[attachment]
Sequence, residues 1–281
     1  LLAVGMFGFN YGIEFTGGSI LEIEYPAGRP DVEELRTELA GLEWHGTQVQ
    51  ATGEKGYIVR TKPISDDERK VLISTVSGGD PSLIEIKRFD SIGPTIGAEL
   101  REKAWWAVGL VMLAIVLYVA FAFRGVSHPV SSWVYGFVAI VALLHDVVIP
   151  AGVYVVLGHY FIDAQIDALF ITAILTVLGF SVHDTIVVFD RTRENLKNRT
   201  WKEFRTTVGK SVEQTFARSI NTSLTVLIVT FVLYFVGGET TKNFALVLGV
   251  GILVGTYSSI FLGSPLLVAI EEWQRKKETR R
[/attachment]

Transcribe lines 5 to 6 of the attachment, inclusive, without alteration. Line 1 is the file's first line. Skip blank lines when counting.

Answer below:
   151  AGVYVVLGHY FIDAQIDALF ITAILTVLGF SVHDTIVVFD RTRENLKNRT
   201  WKEFRTTVGK SVEQTFARSI NTSLTVLIVT FVLYFVGGET TKNFALVLGV